Photo by Andrea Mohin/The New York Times
Review: Stephen Petronio Pledges Allegiance to a Dance Lineage
Originally posted April 12, 2019 by Gia Kourlas for the New York Times.
For the choreographer Stephen Petronio, Bloodlines developed out of a reverence for what had come before him. The initiative, now in its fifth season, was a way to both preserve American postmodern dance and pay homage to his influences. It’s accomplished more than that: It has breathed new life into his company.
Bloodlines began in 2015 with Merce Cunningham’s “RainForest.” Now the Petronio dancers are at even greater ease with Cunningham repertory as seen in the company premiere of “Tread” (1970), its third Cunningham work, presented at N.Y.U. Skirball on Thursday. A playful dance, “Tread” has a set by Bruce Nauman: 10 tall industrial fans placed in a row across the front of the stage. They blow air out at the audience and at times obscure the dancers. It’s funny.
But another Bloodlines addition, also from 1970, was even more precious: Rudy Perez’s “Coverage Revisited.” At Judson Dance Theater, the 1960s experimental collective, Mr. Perez was a rarity: an artist of color. In “Coverage,” Mr. Perez focuses on fluctuating states of conformity and nonconformity with a dancer — the lithe Ernesto Breton — dressed as a construction worker in a white jumpsuit and a blue hard hat.
He tapes a square on the floor and removes his jumpsuit; now in shorts, he has the freedom to jump and run within the space. But it’s a tiny space to pledge allegiance to; in the end, he rips the tape off the floor — systematically and without emotion — while the song “God Bless America” plays. Finally, he removes his hat, brings it down across his chest and pauses slightly over his heart; he isn’t finished until it firmly rests over his crotch. The affecting “Coverage” is quiet and defiant at once.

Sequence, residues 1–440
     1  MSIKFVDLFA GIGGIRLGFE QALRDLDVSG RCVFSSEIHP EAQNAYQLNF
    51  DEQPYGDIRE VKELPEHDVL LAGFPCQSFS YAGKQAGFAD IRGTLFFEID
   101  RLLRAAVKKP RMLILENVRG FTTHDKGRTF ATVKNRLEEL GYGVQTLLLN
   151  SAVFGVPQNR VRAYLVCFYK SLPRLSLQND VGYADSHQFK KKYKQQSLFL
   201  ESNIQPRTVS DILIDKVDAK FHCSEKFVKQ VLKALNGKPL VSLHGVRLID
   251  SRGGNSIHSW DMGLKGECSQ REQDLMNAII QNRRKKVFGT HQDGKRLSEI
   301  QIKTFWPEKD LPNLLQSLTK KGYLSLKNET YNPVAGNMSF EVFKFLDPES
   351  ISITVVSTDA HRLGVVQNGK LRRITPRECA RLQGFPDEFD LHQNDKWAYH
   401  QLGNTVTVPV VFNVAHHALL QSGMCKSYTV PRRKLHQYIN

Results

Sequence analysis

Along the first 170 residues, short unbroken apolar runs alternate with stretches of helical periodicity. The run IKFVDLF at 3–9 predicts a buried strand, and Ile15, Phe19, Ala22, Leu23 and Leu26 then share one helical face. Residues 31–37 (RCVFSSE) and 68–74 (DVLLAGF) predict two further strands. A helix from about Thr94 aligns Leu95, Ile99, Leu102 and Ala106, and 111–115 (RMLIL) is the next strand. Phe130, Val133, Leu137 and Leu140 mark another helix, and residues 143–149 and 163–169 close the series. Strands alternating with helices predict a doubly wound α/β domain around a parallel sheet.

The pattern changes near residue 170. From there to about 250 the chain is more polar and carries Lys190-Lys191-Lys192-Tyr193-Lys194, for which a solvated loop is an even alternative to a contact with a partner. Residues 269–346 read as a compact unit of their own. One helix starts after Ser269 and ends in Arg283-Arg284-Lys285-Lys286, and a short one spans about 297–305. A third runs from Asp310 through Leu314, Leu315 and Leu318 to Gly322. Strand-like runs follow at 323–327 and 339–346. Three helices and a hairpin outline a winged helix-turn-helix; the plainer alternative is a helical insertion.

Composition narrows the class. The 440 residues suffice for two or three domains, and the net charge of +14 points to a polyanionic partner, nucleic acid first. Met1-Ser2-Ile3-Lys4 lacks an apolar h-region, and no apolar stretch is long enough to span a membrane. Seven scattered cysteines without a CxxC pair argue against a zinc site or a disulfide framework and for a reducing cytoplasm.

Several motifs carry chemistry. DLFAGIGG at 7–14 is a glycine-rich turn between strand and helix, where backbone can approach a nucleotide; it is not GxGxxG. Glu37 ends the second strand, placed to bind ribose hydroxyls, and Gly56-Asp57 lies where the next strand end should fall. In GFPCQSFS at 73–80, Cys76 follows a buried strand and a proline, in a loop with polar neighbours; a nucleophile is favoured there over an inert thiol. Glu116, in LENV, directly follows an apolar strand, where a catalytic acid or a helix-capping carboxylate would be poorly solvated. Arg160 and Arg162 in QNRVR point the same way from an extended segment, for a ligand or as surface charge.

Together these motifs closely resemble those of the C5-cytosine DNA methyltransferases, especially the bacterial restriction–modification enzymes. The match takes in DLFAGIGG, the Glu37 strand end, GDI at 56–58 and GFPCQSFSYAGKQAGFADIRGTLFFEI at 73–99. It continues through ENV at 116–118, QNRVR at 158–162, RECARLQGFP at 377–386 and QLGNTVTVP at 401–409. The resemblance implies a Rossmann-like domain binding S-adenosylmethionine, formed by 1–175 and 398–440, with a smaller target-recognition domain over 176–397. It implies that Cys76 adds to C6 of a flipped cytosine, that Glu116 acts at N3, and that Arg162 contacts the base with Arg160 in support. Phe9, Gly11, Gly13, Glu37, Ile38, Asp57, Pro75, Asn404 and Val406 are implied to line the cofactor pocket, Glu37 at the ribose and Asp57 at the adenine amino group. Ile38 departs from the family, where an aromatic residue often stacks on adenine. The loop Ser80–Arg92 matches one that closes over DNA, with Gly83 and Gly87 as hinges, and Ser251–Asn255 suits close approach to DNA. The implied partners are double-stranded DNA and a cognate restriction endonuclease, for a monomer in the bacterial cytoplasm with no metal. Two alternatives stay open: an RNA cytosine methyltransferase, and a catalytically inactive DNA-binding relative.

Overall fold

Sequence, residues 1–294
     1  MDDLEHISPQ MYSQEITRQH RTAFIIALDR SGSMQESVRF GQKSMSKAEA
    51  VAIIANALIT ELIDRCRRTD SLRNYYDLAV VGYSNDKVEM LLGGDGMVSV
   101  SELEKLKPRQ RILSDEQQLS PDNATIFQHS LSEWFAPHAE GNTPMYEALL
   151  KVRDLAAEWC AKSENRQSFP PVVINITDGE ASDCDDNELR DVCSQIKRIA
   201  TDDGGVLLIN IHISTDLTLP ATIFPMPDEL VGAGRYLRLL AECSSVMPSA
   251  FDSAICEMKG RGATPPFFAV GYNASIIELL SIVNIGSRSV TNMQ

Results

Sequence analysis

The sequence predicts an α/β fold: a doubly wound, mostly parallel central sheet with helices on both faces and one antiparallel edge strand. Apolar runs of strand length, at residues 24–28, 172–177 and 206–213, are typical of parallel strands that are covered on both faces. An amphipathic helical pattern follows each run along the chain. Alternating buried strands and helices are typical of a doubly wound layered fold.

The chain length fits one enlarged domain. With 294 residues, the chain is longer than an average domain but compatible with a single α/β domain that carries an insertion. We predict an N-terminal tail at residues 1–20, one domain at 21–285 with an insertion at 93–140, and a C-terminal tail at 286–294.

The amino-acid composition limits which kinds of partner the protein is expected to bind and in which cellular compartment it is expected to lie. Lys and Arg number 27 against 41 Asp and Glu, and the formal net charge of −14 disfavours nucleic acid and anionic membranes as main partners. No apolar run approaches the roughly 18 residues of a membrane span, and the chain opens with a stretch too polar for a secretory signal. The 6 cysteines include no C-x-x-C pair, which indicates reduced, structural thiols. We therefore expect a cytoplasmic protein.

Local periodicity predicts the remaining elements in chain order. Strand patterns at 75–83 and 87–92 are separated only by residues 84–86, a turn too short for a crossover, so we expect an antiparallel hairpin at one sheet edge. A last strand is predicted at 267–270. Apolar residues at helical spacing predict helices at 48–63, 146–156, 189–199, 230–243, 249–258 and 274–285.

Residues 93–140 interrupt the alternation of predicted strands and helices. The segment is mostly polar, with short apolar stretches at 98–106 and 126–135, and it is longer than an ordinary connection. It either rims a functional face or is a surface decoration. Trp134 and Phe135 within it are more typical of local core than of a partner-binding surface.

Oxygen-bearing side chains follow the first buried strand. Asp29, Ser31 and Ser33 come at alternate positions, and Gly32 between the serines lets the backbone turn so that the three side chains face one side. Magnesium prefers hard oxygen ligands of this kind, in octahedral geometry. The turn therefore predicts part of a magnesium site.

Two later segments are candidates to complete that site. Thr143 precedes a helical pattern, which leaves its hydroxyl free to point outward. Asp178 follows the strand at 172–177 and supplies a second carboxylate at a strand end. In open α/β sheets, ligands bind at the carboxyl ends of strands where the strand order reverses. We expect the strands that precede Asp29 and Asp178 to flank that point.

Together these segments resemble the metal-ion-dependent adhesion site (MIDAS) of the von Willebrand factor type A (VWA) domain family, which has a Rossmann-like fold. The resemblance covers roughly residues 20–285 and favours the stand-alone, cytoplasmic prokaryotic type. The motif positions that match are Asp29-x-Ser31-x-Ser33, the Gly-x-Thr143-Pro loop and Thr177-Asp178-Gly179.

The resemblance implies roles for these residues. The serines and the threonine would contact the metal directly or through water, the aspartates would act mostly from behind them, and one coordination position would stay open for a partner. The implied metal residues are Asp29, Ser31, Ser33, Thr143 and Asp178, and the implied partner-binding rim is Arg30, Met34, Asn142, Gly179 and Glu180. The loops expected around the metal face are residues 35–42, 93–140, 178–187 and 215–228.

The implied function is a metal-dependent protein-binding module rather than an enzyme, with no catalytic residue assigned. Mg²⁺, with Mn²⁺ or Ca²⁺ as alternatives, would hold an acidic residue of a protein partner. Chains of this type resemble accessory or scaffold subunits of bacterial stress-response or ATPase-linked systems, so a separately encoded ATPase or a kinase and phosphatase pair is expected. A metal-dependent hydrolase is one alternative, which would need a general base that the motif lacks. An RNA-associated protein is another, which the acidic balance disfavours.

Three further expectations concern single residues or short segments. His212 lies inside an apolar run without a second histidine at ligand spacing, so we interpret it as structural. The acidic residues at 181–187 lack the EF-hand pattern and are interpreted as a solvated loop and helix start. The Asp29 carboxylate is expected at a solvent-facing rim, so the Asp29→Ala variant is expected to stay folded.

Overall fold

Mr. Petronio capped the program with a new work of his own, “American Landscapes,” in which he questions what it means to be an American in 2019. It begins with a prelude: The movement therapist and dance educator Martha Eddy (in a blue jumpsuit) walks onto the stage with Howard Zinn’s “A People’s History of the United States” (it’s white); Mr. Petronio (in a red jumpsuit) soon follows.
To the Chris Isaak song “Wicked Game,” they lean on each other, an image of mutual give-and-take that returns later in the work. At another point, Ms. Eddy, alone, rushes toward the audience while extending her arms and curling them back with increasing speed. What starts out as a simple action shapes into an imploring one.
When the dancers enter the space, the music switches to a spare, almost soothing composition by Jozef Van Wissem and Jim Jarmusch — it’s a combination of lute, acoustic guitar and electric guitar. “Landscapes” also features an arresting backdrop of changing images by the artist Robert Longo. In the foreground, dancers, sleekly costumed by H. Petal, etch geometric patterns onto the stage in front of numerous scenes: a barren forest, an exploding bomb, a soldier walking down a street, a torn flag.
“Landscapes” seems to be in conversation with “Glacial Decoy,” a luminous 1979 collaboration between Robert Rauschenberg and Trisha Brown that featured a slide show of photographs. (Mr. Petronio danced in Ms. Brown’s company.) But “Landscapes” is also a work of Mr. Petronio’s own design, full of his recognizable swoops and twists that both fight and fuel a body’s momentum.
Within this surging scene are fleeting moments in which the dancers quote aspects of American life and culture. There is Rosie the Riveter; after we see an image of a football player, two dancers take a knee. At times, it can feel obvious, but the meditative nature of the dance saves it from becoming too didactic.
It also ends well. In the bristling conclusion, the dancers rush to the front of the stage echoing Ms. Eddy’s swimming arms and then, just as suddenly, pivot while raising an arm in the air with a slightly wilted wrist. It could be the Statue of Liberty. She’s hanging on, but just barely.